August 21, 2014
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Ankylosing Spondylitis: Take Control!

Finding a treatment for AS that works for you

Finding a treatment for AS that works for you

For David Atkins, a 38-year-old teacher, actor, and father of three, finding the right treatment for ankylosing spondylitis (AS) has made all the difference. David has shared his treatment experiences in the hope that his story will help others who are suffering from AS.

After being diagnosed with AS at the age of 24, David tried a number of different medications. First, he used nonsteroidal anti-inflammatory medications. When the long-acting pills that he was using were discontinued, he had to switch to short-acting pills. He needed to take them every 3-4 hours, and he still suffered from pain when the medications wore off. He also tried methotrexate and sulfasalazine, which did not work well for him. Throughout his 20s, David's AS continued to get worse, and he struggled with pain, stiffness, and frustration.

But things changed for the better when David started a new medication called infliximab (Remicade®) in his early 30s.* For the first time, David found a treatment that really worked for him. However, infliximab, like any other drug has its share of side effects. But, knowing these side effects, David has nonetheless chosen to continue using the medication. Infliximab controlled his symptoms better than any other medication he had tried. His quality of life improved, and he was able to start enjoying his regular activities again. According to David, "Remicade has given me my life back." In fact, David's AS has improved so much since starting infliximab that he and his wife decided to have their third child a year later. David was also able to get more involved in his acting career.

Infliximab has also helped David learn to "forget that he has AS." He no longer needs to take frequent medication doses or carry a pocket full of medications everywhere he goes. Instead, he receives his treatment once every 7 weeks at a special infusion centre near his home, where the medication is given as an infusion into a vein in his arm. The entire visit takes a few hours. David prefers the infusions to injecting the drug himself because with an infusion, he can receive his treatment in a comfortable setting where a qualified nurse supervises his infusion, which makes him feel safe. Plus, since he only needs treatment every 7 weeks, infusions don't provide an unwelcome daily reminder of his condition.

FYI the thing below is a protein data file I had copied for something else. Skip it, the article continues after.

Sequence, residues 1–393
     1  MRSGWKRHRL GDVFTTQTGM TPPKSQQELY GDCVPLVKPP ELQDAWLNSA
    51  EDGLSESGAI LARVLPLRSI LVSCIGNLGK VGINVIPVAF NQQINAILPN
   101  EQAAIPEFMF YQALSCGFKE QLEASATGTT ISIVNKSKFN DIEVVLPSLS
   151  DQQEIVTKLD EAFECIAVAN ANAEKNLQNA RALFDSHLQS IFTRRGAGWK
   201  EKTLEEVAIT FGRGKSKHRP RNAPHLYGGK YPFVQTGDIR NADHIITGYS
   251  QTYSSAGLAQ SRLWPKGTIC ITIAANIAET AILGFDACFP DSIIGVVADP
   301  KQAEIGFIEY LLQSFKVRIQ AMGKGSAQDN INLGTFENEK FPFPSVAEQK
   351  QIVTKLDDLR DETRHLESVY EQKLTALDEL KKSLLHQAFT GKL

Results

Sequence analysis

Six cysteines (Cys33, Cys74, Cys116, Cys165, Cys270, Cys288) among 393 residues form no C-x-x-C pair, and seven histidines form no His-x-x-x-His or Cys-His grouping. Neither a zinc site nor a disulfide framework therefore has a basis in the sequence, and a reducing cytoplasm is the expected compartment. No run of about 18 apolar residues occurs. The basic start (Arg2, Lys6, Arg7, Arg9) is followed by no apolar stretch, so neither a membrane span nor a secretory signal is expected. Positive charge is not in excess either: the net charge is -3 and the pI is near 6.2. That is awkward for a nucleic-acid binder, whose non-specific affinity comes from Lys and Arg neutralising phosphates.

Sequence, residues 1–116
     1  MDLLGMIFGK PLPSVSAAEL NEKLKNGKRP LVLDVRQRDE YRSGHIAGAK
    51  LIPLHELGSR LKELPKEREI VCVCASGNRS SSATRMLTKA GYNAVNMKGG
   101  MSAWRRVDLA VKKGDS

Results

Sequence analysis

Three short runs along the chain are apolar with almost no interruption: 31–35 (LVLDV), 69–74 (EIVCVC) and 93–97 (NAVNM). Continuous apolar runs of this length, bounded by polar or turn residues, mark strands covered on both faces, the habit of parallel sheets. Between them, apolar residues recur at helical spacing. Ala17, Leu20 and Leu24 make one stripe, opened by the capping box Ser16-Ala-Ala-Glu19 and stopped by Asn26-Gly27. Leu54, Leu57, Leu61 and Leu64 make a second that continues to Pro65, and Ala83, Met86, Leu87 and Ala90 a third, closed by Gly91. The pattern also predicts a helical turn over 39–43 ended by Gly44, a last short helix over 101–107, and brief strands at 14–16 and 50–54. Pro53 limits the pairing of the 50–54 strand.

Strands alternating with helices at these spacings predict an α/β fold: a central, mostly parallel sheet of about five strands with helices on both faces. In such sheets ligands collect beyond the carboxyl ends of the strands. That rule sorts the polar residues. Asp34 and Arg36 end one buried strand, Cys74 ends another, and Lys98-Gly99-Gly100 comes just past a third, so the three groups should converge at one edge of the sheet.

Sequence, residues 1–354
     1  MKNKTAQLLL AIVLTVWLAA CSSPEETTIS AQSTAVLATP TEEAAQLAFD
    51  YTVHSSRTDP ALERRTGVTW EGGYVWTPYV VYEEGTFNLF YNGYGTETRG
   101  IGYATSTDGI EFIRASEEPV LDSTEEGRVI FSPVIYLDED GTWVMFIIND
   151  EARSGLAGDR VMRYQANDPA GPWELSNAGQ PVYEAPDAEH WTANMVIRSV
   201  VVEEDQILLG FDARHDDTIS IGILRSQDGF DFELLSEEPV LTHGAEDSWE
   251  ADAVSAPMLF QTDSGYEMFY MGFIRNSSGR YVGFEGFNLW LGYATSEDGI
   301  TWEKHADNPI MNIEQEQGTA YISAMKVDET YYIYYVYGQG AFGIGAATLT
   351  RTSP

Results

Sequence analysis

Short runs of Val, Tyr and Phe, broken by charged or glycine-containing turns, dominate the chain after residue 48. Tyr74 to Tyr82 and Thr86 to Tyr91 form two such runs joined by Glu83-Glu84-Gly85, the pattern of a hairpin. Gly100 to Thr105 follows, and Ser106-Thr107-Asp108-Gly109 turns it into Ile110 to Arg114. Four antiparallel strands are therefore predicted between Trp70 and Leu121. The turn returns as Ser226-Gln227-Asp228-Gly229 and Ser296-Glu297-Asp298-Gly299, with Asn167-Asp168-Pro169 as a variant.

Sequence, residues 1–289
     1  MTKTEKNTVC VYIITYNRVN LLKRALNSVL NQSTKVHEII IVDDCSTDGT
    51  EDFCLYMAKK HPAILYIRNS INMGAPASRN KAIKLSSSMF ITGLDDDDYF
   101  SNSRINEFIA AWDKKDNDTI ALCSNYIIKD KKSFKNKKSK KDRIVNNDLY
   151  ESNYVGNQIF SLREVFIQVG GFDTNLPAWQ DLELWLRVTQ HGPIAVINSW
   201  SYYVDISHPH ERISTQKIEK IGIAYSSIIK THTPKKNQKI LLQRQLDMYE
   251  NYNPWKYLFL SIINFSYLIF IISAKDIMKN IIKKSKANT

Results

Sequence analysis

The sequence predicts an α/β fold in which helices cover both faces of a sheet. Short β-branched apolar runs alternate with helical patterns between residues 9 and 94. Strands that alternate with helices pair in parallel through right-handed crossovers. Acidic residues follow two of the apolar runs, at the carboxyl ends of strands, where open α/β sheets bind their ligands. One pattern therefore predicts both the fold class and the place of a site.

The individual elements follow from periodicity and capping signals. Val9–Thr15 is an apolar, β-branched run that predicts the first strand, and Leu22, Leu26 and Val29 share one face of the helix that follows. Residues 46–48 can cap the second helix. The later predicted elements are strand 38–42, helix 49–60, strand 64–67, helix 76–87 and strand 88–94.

David has helped many other AS sufferers cope with their condition, and he shares the following advice to help people live well with AS:

  • Develop your support system. David says that part of the reason he's done so well is his solid support system. Your family and friends can help you get through the bad days.
  • Find ways to make your life easier. You only have so much energy, so make sure you save your energy to focus on the things that are most important to you. Consider hiring someone to clean your house, cut your lawn, or deliver your groceries. David jokes that he has "team Dave" to help him out.
  • Choose your job wisely. David made the switch from acting to teaching to find a job that was more compatible with his AS. Teaching allows him to stay moving and gives him the luxury of being able to sit or stand as he needs to.
  • Stay flexible. David recommends that AS sufferers take time and effort every day to hold onto their mobility using stretching, physiotherapy, and hot tubs.
  • Exercise. By keeping in shape, you'll be better able to fight AS. David recommends using an exercise ball to focus on core muscles and to strengthen your back. He also enjoys swimming - it's the only place he feels free, because he's not fighting against gravity. Before starting an exercise program, talk to your doctor about which activities are appropriate for you.
  • Get involved in your treatment - the sooner the better. If you think you might have AS, talk to your doctor to find out for sure. Research your treatment options and discuss them with your doctor. Don't give up until you find a treatment that really works for you.

So if you have AS, or think you might, talk to your doctor about diagnosis and treatment. Your doctor can help you find a treatment option that works for you.

 
* Please note that this health feature describes one person's experience with AS and drug treatment. It is not intended to be representative of all people with AS or to provide any endorsements or recommendations regarding AS therapy.

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